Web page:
As the weather warms up and the first leaves emerge, we rush out to our local nurseries and garden centers, determined that this is the year that our landscape looks better than ever. Surrounded by color and banners and flowers and people loading wagons with plants, we stand awestruck, then dumbstruck, then paralyzed. Now what? Which plants? Where to plant them?

That situation, that confusion, is exactly why the Georgia Gold Medal program exists.

Based at the State Botanical Garden of Georgia, part of the University of Georgia, this program selects one dependable, attractive plant that does well throughout Georgia in five to six categories each year. There have been Georgia Gold Medal winners since 1994, so there are now more than 100 Georgia Gold Medal winners.

Descriptions of all winners can be found at georgiagoldmedalplants.org.

Look at what just this year’s winners can do for your home landscape:

• ANNUAL: Wishbone flower, clown flower (Torenia fournieri)

Let’s start with the best features: This is an easy-to-find annual that blooms in the shade and is deer-resistant. Solid and two-tone blooms in whites, pinks, yellows, blues and purples look like individual snapdragon flowers, blooming from spring until frost. No need to cut off spent blooms; this is a self-cleaning annual. These plants are 8-12 inches tall and 6-9 inches wide, perfect for low bedding in front of a border. Torenia, especially the trailing varieties, also looks great in containers.

• PERENNIAL: Variegated Japanese Solomon’s seal (Polygonatum odoratum “Variegatum”)

Bright, green leaves with cream edges turn gold in fall before the plant disappears under the mulch for winter. Spreading rhizomes form a colony of stems rising from the ground 24 inches high. This is one of the best perennials for the shade garden, brightening dark spaces and contrasting well with solid, green ferns, hostas and shrubs.

• SHRUB: Compact gardenias (Gardenia jasminoides (G. augusta))

Creamy white, fragrant, single or double flowers stand out against the dark green, glossy foliage of gardenias. The compact growth of new hybrids help make gardenias easier to incorporate into today’s home landscapes and moves them to the forefront of shrub borders. “Daisy” and “Double Mint” at 3 feet tall, Heaven Scent at 4 feet tall and “Frost Proof” at 5 feet tall are examples of gardenias that work as low shrubs, evergreen groundcovers or accents in a container. Plant gardenias a bit high to ensure good drainage. They respond well to pruning right after they bloom. A perfect spot for gardenias offers full sun in the morning and early afternoon, then shade mid to late afternoon, plus good air circulation.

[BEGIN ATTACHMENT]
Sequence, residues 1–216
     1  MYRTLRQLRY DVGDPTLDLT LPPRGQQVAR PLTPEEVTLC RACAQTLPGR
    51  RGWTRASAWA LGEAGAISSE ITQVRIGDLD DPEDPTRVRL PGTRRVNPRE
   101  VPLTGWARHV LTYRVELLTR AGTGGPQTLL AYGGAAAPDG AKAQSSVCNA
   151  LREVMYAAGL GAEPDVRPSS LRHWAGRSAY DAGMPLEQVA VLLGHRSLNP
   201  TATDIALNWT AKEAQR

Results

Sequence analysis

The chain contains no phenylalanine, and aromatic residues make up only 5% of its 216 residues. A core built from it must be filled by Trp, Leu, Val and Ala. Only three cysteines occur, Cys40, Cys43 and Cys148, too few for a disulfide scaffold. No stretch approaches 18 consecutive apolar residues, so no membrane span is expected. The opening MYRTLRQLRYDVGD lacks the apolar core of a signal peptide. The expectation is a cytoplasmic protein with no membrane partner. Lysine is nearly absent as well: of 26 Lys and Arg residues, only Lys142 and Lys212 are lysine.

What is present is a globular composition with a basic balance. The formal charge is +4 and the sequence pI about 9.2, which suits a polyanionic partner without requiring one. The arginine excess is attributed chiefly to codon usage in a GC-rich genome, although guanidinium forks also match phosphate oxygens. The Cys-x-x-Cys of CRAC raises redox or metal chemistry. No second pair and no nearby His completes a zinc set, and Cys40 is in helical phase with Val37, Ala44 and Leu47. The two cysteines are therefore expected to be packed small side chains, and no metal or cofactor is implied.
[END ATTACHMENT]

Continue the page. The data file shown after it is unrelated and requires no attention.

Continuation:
• GROUNDCOVER: Sweet flag (Acorus gramineus “Ogon” and Acorus gramineus “Minimus Aureus”)

Have a wet, shady spot? Sweet flag thrives on the edge of a pond or stream or in a boggy site. The golden foliage of these two varieties will brighten dark areas, contrast with rich green or burgundy foliage, or fill between stepping stones. This fine-textured, grass-like plant can spread to create a deer-resistant groundcover. Ogon is 10 inches high; Minimus Aureus is 3 inches high.

• NATIVE PLANT: Muhly grass (Muhlenbergia capillaris)

Two-foot tall, rounded grass clumps expand into airy pink or cream clouds when this plant blooms each fall. This sun-loving plant is low-maintenance, drought-tolerant and deer-resistant. Green in summer and tan in winter, muhly grass looks great with conifers, hollies and with native shrubs known for fall color. Cut back old foliage in late winter before new growth appears.